[copied from SANS security newsletter, http://www.sans.org/newsletters/#newsbites]
–Swiss Telecom Plans Cloud Service Hosted Entirely Within Switzerland (November 3 & 4, 2013) Swiss telecommunications company Swisscom plans to establish a “Swiss cloud” that will be hosted entirely within that country. The goal is to prevent the NSA and GCHQ from snooping on communications. (Swisscom is majority-owned by the country’s government.) Switzerland already has stringent data privacy laws in place, which is why companies that provide secure communications services use data centers there.
Prosecutors must obtain court orders before conducting surveillance.
[Editor’s Note (Pescatore): Just a few months ago Swisscom had to acknowledge a security breach when backup tapes containing customer and corporate sensitive information were stolen and given to a newspaper.
And one year ago the Swiss Intelligence NDB admitted an insider had exported classified counter-terrorism intelligence information and they noticed this when the Swiss bank UBS notified them after UBS traced an attempt to open a new, numbered bank account to the IT technician. Seems like data and bank activity might not be risk-free in Switzerland.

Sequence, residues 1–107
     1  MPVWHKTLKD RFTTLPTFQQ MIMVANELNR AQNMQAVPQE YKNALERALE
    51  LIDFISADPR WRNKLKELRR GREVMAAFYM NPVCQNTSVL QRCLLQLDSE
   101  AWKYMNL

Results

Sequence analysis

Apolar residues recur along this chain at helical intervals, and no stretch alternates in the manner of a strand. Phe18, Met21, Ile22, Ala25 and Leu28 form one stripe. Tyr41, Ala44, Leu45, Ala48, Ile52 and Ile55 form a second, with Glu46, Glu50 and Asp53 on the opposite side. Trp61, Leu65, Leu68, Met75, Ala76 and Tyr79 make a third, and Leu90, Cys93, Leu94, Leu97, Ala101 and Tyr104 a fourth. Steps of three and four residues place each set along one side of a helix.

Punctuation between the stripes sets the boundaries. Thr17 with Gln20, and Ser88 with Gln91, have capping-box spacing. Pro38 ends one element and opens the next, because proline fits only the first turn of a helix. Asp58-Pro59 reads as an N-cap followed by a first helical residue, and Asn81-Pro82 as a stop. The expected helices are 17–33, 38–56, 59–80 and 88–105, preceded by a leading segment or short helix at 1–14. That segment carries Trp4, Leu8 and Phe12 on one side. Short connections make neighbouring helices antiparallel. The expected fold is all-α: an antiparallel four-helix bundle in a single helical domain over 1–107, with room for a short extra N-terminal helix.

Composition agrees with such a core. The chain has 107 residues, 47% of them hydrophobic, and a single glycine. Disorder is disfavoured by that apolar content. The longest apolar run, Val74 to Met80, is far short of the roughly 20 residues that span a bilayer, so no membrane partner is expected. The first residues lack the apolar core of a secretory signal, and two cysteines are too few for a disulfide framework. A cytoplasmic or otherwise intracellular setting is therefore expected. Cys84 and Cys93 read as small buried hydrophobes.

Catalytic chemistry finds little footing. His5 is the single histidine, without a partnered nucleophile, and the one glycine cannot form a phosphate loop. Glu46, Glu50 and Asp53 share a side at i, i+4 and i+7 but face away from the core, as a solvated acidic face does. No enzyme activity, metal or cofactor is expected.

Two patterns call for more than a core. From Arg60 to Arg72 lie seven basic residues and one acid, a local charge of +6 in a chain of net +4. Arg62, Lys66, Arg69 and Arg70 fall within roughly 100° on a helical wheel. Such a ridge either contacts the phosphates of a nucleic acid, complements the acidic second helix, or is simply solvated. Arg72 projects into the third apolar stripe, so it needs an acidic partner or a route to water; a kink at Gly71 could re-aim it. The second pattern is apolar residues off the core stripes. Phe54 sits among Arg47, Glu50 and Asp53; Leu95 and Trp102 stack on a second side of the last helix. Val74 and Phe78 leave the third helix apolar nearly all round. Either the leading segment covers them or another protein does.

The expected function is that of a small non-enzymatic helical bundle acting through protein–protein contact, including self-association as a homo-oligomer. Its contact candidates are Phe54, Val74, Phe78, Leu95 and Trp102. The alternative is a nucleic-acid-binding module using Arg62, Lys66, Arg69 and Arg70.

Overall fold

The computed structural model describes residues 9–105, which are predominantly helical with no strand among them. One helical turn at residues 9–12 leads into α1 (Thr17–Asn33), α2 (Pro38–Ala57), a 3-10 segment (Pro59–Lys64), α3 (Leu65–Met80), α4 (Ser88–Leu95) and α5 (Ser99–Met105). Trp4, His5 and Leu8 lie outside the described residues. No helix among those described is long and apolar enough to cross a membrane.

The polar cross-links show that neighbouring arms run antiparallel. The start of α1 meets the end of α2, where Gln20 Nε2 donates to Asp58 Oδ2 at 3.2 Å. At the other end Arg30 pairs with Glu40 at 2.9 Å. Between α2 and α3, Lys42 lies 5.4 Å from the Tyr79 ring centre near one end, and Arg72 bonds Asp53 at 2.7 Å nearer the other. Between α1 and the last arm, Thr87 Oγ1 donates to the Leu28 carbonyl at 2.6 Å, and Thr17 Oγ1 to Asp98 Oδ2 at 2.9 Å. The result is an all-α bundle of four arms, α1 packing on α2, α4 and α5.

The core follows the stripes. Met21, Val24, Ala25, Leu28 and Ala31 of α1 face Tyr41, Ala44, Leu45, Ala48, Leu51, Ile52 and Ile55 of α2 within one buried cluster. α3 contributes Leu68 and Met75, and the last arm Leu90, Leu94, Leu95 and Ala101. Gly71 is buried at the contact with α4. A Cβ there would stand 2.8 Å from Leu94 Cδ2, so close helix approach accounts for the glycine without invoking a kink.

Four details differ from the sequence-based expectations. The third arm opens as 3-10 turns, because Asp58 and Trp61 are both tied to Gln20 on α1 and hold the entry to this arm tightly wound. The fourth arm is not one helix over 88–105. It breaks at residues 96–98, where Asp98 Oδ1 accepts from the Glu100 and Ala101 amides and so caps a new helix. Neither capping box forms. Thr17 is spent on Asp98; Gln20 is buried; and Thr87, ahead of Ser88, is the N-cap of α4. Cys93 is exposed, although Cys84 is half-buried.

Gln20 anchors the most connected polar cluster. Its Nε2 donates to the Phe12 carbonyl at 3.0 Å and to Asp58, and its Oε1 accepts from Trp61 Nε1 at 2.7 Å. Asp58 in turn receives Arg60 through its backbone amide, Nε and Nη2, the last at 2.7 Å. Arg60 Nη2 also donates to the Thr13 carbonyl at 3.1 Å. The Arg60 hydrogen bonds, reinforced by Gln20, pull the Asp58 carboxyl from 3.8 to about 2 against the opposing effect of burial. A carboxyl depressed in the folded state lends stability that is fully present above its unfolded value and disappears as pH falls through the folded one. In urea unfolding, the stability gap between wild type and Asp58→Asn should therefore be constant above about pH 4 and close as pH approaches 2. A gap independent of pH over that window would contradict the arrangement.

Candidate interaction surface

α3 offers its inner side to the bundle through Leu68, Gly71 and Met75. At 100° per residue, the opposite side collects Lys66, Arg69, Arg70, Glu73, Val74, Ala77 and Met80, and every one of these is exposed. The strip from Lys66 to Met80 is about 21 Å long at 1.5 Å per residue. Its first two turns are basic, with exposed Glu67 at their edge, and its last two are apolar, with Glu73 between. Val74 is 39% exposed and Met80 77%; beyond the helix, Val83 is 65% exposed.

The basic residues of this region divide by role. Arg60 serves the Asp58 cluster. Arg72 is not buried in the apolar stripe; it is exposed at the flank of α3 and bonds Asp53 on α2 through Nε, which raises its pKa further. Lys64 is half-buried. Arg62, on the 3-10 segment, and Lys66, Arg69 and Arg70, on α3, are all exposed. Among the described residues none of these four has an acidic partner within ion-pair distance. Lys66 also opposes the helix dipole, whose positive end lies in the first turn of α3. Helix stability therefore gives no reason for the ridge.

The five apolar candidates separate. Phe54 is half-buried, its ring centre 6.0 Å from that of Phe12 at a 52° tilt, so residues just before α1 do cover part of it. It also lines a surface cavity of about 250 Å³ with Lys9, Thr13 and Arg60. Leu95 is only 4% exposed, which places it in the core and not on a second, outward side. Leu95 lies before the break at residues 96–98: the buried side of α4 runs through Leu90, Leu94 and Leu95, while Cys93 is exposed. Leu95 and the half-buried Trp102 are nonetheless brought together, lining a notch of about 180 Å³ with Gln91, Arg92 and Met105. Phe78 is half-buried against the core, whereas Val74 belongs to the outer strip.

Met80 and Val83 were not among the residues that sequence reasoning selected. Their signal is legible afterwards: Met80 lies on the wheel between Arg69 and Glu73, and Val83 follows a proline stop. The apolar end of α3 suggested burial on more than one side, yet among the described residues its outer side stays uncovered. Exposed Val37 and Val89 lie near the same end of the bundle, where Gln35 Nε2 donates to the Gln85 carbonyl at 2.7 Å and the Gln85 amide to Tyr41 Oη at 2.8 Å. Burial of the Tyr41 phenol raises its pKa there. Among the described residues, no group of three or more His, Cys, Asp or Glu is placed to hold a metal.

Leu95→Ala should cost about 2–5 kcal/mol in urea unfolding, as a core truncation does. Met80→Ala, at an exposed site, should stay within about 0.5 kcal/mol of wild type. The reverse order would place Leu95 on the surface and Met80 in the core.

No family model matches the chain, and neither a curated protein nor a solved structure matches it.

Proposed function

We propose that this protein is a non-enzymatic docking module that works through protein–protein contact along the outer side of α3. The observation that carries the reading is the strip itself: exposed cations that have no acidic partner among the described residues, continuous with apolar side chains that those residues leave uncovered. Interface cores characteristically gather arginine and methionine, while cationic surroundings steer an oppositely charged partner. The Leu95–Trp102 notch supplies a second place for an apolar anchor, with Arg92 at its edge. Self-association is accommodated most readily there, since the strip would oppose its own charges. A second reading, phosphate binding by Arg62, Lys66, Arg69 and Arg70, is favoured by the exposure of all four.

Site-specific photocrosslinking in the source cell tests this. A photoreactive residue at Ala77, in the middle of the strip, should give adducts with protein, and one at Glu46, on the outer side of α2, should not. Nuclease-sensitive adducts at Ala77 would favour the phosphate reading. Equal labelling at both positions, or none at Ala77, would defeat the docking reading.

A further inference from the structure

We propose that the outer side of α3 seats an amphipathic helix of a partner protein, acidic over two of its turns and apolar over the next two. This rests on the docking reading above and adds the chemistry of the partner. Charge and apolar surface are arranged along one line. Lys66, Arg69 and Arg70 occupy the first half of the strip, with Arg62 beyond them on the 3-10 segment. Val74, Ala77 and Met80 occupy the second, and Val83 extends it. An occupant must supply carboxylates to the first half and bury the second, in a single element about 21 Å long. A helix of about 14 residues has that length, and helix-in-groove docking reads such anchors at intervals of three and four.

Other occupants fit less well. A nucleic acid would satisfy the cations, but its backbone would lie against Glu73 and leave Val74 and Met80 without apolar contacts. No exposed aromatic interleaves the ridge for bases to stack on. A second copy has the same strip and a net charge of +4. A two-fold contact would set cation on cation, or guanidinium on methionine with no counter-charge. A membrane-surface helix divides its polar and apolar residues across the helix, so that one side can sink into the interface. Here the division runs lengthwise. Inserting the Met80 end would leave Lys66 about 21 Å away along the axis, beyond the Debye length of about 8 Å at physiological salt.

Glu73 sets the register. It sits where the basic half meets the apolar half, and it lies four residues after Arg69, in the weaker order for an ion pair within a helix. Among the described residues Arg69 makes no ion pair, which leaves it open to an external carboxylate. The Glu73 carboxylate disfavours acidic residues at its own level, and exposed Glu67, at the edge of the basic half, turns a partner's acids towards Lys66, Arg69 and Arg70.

(Murray): When their banks began to cooperate with the US IRS, the Swiss surrendered the historic trust on which such an offering as this might have been based. Those who want confidential communications or storage must rely on private encryption. One can no longer trust any institution for a result that one cannot verify intraday.
(Northcutt): I think the NSA thing is a bit overdone; they have been cast in the role of the Highlander, able to hear and process all of the world communications. However, cloud storage and processing does need to be taken seriously from a privacy perspective. I really like the University of Delaware policy. It is subtle, but they clearly get it:
Funny how the (mostly American?) commenters @SANS downplay the relevance/power of the NSA. Give me a break please; this *should* and *will* have consequences as European business will think twice about whether they should host their data in a US company which is subject to US law. IMHO this is rather good as it might allow Europe to stop its sleep in IT and go after some of that business.